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Although there’s been political distraction it’s hard to deny that there is a small shift happening, a pulse that’s beating a little louder.  A rallying cry has surfaced and thousands are flocking to its call.

We’ve been building up to it for months, a slow drum beat. Report after report signalled a worrying future. For many, the catalyst came in the form of a movement: Extinction Rebellion.

We talked about the IPCC report when it came out in October last year. In brief,  the most conservative of reports showed that a temperature increase of 1.5 degrees was BAD and that 2 degrees was REALLY BAD. We’re currently on path for 3 degrees of warming 🚨🚨🚨. The science world said it loud and clear: turn this ship around. Do it now.  

The alarm was sounded. And although political leaders and climate change negotiators professed words of intention, a group erupted to make sure the siren was heard.

People, ordinary people, like you and me are making a fuss. Causing a ruckus, demanding to be heard. In the cities but also in small town suburbia and villages. Yes the lifelong activists and the stereotype hippies are there but also there are grandmothers, lawyers and teenagers joining the ranks, adding their voices.


Sometimes blocking bridges or roads, hosting ‘block parties’, and ‘die-ins’. They gather in church halls and local community centres, sharing knowledge and information. What is non-violent direct action? What are our rights? They seek solace and refuge, realising they are not facing this alone.

They shout united: Declare a climate emergency.

Since it launched in October 2018, Extinction Rebellion has grown exponentially, more than a million people are engaged across 65 countries. Started initially in the UK there are multiple coordinating groups in Canada, USA, Germany, France, Australia and New Zealand. All of the activity is gearing up to April 15th, the start of International Rebellion. A concentrated effort to force governments to listen and demand they tell the truth about the severity and immediacy of climate change.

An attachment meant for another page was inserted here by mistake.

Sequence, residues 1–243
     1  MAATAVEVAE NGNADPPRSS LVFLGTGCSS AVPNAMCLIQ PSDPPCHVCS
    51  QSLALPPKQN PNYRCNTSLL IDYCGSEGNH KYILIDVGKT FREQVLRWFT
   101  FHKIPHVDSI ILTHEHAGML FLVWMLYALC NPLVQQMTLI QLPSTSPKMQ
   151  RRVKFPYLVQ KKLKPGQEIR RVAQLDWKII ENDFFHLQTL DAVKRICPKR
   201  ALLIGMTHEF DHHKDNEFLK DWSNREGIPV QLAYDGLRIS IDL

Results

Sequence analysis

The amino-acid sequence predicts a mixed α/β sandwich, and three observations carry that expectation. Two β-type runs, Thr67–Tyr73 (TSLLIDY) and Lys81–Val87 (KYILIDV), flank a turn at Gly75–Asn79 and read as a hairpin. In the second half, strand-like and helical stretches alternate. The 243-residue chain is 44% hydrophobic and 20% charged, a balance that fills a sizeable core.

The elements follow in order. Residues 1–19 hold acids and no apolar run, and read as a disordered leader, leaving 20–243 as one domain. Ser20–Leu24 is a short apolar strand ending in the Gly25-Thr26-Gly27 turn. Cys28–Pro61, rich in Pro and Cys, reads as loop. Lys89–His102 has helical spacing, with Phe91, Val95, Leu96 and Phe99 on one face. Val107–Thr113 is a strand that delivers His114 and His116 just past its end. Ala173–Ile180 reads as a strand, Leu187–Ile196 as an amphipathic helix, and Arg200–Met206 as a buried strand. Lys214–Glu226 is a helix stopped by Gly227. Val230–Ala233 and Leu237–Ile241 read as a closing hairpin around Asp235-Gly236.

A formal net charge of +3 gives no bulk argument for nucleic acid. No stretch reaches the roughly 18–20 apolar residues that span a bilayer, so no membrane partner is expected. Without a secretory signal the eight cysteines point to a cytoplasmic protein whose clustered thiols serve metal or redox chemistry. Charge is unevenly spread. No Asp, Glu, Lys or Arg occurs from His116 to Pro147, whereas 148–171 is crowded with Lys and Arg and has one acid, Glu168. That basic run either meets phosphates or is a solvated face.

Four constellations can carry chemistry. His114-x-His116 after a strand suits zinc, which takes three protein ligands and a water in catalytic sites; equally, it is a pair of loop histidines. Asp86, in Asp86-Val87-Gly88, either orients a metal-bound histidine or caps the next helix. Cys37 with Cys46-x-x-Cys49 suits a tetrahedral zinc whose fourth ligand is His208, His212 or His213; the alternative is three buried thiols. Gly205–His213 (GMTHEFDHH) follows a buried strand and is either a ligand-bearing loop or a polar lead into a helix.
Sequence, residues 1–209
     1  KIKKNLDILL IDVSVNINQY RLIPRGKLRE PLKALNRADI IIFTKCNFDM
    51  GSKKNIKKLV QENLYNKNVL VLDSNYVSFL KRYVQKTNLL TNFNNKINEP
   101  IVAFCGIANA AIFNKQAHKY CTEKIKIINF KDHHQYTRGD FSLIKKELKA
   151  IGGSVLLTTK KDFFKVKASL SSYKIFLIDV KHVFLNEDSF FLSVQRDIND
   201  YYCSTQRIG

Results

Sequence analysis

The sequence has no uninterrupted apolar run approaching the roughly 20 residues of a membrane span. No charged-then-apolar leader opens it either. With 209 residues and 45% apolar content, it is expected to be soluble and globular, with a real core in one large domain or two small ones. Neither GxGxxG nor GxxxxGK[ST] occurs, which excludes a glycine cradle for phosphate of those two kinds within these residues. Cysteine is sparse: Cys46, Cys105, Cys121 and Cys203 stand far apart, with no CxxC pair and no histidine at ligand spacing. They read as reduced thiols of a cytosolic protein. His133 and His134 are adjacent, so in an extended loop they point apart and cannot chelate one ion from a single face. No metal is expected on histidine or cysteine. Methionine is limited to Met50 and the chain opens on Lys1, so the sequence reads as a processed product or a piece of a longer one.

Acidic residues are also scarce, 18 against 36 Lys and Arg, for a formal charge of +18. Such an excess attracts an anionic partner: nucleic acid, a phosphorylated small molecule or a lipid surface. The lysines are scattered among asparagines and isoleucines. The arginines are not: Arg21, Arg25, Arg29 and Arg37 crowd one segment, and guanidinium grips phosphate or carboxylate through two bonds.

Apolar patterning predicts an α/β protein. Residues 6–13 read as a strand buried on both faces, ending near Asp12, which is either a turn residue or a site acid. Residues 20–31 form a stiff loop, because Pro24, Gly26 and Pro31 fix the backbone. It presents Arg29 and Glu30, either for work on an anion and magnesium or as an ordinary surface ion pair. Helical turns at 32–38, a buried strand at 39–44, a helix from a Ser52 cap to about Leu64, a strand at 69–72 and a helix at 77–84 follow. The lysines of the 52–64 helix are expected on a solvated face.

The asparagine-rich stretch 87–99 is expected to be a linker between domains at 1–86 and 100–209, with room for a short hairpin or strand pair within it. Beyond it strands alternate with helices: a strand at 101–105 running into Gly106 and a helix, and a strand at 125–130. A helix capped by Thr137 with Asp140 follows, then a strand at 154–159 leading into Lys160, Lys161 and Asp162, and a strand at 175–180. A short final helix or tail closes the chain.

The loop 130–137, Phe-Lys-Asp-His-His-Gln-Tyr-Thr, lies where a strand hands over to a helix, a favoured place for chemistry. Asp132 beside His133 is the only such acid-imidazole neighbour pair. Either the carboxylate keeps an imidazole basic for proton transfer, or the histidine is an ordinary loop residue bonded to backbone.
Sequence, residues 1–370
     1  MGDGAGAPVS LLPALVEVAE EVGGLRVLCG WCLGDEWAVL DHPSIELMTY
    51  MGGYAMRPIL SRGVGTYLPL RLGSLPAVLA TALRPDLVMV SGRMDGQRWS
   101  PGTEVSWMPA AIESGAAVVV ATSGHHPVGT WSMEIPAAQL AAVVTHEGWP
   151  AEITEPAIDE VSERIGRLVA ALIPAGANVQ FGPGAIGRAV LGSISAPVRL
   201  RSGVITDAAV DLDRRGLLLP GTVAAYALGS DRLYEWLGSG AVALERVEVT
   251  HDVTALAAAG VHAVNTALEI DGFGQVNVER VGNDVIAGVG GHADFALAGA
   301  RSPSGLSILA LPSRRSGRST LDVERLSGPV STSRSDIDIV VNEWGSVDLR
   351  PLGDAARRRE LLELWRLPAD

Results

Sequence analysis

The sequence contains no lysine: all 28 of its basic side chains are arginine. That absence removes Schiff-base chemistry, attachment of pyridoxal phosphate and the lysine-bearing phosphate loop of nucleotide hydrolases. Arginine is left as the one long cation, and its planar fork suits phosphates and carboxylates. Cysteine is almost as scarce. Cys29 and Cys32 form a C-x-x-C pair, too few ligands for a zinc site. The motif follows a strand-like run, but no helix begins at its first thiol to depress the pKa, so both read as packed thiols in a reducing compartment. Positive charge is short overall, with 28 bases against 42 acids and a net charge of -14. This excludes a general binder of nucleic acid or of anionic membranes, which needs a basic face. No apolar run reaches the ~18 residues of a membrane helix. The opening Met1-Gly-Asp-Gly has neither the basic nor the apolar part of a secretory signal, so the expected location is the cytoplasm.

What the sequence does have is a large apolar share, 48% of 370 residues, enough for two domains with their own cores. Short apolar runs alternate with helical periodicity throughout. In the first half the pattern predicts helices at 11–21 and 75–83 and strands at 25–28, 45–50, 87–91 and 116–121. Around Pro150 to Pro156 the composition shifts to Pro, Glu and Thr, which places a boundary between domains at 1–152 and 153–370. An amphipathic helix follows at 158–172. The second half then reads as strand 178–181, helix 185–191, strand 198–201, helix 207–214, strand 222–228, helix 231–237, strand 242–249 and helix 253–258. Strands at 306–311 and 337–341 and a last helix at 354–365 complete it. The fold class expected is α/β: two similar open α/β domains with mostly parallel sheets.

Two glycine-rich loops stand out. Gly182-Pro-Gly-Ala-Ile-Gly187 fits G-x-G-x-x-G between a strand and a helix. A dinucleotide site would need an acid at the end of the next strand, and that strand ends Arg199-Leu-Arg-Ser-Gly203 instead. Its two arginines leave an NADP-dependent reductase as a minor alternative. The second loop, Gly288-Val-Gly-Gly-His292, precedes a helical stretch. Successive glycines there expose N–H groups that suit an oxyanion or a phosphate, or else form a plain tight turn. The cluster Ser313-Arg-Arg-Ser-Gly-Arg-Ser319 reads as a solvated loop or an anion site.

In the words of Greta Thunberg “we will not solve this crisis while we do not call it a crisis.”

Tipping Points

Research looking at successful social movements in the past (Civil Rights, Votes for Women, independence movements) shows there is a tipping point: 3.5% of the population is needed onside to bring about real social change. It needs to be non-violent but importantly, it needs to be disruptive. It needs to interfere with people’s daily lives, grab the headlines, obstruct the economy. This is how you get people to listen, the theory goes. One march, on one day, will not be enough.

Extinction Rebellion has been supporting the Youth Strikes for Climate that we featured in our last post.

An element that makes Extinction Rebellion stand out from other eco-movements is a focus on ‘regenerative culture’ and inviting in the difficult emotions that accepting the crisis evokes in people. They also don’t presume to have the answers, instead calling for “Citizens’ Assemblies” to determine the solutions.

If you haven’t heard of Extinction Rebellion yet, we invite you to check them out. They might not be your cup of tea but they are pushing to keep climate change up front and centre. Whether you decide to join the rebellion or not, let’s talk about climate change with the urgency it requires. And let’s have fun while doing it.


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